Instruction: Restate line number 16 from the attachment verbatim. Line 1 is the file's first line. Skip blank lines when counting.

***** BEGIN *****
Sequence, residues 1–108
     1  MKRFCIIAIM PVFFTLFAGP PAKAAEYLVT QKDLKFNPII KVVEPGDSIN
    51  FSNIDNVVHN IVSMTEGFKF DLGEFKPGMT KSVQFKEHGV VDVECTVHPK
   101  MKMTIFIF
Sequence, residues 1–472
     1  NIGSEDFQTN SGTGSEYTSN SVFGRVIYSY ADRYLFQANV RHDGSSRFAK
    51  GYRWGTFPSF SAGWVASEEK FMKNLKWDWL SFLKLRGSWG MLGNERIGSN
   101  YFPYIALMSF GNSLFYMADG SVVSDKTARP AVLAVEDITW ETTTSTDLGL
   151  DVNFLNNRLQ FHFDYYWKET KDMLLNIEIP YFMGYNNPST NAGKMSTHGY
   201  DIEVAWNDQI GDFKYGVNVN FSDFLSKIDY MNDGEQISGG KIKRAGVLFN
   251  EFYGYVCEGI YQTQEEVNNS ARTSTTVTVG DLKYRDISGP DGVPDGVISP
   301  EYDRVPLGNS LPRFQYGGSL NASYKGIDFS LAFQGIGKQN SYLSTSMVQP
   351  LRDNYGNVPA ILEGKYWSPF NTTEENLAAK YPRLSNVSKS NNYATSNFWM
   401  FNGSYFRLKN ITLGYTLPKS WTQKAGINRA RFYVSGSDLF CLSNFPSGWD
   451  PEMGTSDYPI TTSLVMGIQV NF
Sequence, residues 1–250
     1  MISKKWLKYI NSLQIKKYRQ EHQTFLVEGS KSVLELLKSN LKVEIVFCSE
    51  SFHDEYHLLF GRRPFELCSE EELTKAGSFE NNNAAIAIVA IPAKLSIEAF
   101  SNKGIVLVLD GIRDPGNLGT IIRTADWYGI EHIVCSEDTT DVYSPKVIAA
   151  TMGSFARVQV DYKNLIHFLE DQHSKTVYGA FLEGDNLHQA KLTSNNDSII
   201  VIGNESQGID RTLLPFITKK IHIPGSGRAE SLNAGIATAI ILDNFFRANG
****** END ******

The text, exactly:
Sequence, residues 1–250